UK TV review: Friends: The Reunion
Katie Smith-Wong | On 29, May 2021
In 2004, more than 52 million American people tuned into The Last One, which was the series finale of Friends. Since then, the popular sitcom was revived through streaming services to win over a new generation of fans, while feeding rumours and hopes for one more chance to bring the gang back together. It may have taken a while, but we have finally gotten there.
Friends: The Reunion sees the original cast reunite on-screen for the first time for more than 15 years to celebrate the show, with the help of several guest stars such as Christina Pickles and Elliot Gould (who played Monica and Ross’ parents) and James Michael Tyler, who played Central Perk’s lovelorn barista, Gunther.
On the face of it, Friends: The Reunion is targeted at younger viewers or those who were introduced to the show after it finished in 2004. We are now living in a different time compared to when Friends was a huge TV hit, which saw the cast plastered across newspapers and magazines worldwide. Newer fans may appreciate the special as they may not comprehend its longstanding cultural impact, but the question remains: is a reunion necessary?
While the Fresh Prince of Bel-Air reunion late last year offered a sense of closure on certain dark spots (notably Smith’s feud with Janet Hubert-Whitten), Friends: The Reunion evokes a sense of deja vu as the majority of it feels like familiar territory. The special splices together sections from three key settings – an interview with James Corden, the infamous apartment game and the cast touring the rebuilt set. Therefore, the reunion jumps from hysterical laughter to tears, resulting in an imbalanced and confusing tone.
Given the show’s 10-year history, there are so many things to celebrate. However, the reunion showcases a handful of key moments such as Ross and Rachel’s first kiss and Phoebe’s song Smelly Cat. Although these are classic moments, they deny the smaller albeit dramatic instances that make the show more than your normal sitcom, such as Ross and Rachel’s torrid break-up or Monica and Chandler’s child issues. In addition, several notable guest stars such as Bruce Willis, Paul Rudd and Giovanni Ribisi are not in attendance and celebrities such as Lady Gaga and Justin Bieber are not enough to bring back fond memories. Even recurring guest stars Tom Selleck and Maggie Wheeler are sadly fleeting attendees.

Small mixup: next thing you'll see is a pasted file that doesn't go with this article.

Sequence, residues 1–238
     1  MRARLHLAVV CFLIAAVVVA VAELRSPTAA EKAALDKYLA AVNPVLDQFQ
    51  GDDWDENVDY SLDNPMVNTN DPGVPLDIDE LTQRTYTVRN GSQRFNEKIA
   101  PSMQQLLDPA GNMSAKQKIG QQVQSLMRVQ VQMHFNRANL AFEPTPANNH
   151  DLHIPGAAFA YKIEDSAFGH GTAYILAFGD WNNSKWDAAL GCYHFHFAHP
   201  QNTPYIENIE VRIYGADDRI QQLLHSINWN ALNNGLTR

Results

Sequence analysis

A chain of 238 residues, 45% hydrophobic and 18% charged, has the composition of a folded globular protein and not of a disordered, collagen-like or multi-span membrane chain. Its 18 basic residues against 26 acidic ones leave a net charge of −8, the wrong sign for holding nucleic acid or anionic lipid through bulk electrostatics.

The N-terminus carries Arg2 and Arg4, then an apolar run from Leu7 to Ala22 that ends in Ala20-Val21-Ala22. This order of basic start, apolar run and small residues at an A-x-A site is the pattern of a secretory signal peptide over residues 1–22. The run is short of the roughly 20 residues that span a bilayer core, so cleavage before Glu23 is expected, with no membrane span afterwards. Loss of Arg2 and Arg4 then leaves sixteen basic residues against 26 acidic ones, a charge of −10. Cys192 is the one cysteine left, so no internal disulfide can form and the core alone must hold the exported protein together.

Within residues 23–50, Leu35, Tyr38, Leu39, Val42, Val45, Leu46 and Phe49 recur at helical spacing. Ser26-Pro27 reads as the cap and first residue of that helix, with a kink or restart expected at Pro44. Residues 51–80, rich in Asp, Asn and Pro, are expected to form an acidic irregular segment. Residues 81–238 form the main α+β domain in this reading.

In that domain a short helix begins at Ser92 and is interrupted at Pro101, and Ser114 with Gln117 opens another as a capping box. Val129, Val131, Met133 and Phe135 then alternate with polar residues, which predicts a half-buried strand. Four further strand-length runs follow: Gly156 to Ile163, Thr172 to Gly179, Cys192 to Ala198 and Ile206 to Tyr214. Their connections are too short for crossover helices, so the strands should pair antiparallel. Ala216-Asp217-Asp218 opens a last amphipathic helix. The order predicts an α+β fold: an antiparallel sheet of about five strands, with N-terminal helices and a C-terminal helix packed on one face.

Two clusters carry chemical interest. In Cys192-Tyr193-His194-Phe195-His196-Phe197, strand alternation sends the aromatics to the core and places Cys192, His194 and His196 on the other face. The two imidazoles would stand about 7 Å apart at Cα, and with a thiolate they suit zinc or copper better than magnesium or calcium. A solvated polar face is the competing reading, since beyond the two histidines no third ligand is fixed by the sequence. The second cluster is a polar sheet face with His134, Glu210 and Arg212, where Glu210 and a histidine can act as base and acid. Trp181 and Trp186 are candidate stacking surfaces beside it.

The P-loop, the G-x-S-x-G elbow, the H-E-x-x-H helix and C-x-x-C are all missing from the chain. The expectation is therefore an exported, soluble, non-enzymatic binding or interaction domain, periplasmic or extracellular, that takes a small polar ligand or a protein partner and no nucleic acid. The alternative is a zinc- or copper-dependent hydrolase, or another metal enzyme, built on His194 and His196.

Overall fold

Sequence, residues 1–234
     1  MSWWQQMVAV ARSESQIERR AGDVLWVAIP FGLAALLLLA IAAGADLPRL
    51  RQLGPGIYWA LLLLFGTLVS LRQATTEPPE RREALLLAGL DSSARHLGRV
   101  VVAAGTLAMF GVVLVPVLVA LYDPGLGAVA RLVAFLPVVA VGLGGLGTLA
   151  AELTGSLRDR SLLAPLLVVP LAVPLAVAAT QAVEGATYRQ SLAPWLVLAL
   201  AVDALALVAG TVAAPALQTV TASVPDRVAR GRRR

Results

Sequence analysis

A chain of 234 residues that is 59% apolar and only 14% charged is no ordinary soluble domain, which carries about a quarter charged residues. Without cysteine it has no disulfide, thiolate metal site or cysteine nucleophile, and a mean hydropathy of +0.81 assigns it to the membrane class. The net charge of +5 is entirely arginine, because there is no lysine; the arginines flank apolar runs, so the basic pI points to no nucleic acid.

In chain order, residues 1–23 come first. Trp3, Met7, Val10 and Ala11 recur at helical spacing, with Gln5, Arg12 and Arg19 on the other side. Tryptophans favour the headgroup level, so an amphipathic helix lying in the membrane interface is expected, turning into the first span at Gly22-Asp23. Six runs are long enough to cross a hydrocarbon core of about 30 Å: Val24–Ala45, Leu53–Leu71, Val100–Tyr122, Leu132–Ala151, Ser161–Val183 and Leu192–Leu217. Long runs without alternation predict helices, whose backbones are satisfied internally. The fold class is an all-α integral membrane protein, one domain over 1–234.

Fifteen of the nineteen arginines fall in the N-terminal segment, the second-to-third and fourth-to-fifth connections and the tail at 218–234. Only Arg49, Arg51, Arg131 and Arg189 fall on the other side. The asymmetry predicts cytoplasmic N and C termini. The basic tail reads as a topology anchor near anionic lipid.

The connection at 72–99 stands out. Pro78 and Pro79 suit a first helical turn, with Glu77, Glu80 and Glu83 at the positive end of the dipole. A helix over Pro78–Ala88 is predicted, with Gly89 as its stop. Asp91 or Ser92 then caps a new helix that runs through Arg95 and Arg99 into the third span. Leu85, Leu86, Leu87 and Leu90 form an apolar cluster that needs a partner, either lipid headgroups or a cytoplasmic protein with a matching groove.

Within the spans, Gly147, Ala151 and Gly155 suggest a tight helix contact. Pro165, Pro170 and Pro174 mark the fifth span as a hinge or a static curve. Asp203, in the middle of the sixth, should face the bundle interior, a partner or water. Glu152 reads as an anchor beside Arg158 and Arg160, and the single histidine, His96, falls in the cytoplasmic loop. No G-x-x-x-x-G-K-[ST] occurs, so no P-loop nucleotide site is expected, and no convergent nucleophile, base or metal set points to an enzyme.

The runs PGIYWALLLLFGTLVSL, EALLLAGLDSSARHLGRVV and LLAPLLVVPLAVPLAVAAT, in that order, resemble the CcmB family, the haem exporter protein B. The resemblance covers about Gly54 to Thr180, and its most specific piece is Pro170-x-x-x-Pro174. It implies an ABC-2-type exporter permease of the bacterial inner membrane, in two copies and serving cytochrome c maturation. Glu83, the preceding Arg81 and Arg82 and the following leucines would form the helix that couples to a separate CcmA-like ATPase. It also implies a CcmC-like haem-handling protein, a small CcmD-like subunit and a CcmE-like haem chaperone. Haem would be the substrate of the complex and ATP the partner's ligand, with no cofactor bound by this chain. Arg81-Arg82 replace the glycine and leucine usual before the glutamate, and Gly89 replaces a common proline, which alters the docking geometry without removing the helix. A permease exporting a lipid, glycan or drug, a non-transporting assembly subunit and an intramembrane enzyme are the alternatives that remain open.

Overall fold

While his enthusiasm is evident, James Corden comes across as an unessential host/moderator so the interview and audience interactions feel like another episode of The Late Late Show – unsurprising as the reunion is directed by its co-executive producer, Ben Winston. Despite delving into the ‘Ross and Rachel’s break’ debate and potential off-screen romances, Corden’s questions feel all too familiar and the segment comes across as lacklustre. Even a brief yet cringeworthy fashion show featuring some of the most memorable costumes in the show fails to lift the spirits.
However, the key aspect of Friends is its continued cultural significance 15 years on. Reminding audiences of simpler times, the whole show feeds on nostalgia and after 20 years of its first airing on TV, there is a lot of it. Having fans from across the world share their memories and emotional connection with the show highlights its power, but what makes this reunion so special is seeing the cast meet and greet each other on set while tearfully reminiscing about their time on the show. Hearing their own personal memories shine a new light on their experience as a group of emerging stars while reminding us and themselves that it was a key part of their respective lives, not to mention their careers.
While Friends: The Reunion sidesteps the rumours of a film, it brings a hefty slice of comfort that will appease fans that want to see the gang back together. In a way, it is like a slice of cheesecake – you don’t need it but you can’t help but indulge. Just don’t eat it off the floor.
Friends: The Reunion is available on Sky One. Don’t have Sky? You can also stream it live and on-demand legally on NOW, for £9.99 a month, with no contract and a 7-day free trial.